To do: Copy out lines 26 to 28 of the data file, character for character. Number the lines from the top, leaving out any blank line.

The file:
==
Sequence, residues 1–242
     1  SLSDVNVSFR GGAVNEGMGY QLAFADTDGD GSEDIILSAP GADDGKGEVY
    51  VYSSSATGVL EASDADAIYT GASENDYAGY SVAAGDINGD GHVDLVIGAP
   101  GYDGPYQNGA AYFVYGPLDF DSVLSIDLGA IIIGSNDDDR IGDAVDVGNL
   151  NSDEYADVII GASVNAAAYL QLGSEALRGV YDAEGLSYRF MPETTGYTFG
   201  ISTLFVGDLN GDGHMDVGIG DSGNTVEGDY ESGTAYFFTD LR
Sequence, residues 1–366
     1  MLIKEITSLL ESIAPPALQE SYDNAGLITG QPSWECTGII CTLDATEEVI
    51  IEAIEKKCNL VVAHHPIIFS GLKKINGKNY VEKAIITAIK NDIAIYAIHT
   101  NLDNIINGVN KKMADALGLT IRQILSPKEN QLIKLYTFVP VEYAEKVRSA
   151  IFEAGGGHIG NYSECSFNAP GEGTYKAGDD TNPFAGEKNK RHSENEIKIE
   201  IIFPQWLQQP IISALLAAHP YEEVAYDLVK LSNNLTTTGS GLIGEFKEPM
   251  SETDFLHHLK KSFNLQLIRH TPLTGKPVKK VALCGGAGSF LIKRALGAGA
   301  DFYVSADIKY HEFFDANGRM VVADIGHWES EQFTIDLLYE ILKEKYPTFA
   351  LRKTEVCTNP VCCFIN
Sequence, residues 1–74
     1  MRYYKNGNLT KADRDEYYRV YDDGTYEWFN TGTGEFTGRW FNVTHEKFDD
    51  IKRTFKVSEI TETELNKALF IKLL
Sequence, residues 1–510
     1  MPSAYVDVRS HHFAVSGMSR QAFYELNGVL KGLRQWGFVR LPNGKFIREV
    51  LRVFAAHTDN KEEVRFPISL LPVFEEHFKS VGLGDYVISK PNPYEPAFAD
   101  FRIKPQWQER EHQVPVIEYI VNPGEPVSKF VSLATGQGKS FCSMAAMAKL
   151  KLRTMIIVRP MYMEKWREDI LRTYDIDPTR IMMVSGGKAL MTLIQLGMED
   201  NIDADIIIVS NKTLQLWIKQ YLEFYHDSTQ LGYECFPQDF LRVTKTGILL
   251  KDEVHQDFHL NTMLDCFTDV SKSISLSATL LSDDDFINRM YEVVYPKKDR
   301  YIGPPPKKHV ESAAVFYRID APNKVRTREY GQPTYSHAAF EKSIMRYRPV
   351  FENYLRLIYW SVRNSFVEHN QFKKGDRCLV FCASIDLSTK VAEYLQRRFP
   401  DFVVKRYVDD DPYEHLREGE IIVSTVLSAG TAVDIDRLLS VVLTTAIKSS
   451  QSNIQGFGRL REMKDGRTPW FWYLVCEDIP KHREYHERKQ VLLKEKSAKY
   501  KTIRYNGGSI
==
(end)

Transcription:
   301  YIGPPPKKHV ESAAVFYRID APNKVRTREY GQPTYSHAAF EKSIMRYRPV
   351  FENYLRLIYW SVRNSFVEHN QFKKGDRCLV FCASIDLSTK VAEYLQRRFP
   401  DFVVKRYVDD DPYEHLREGE IIVSTVLSAG TAVDIDRLLS VVLTTAIKSS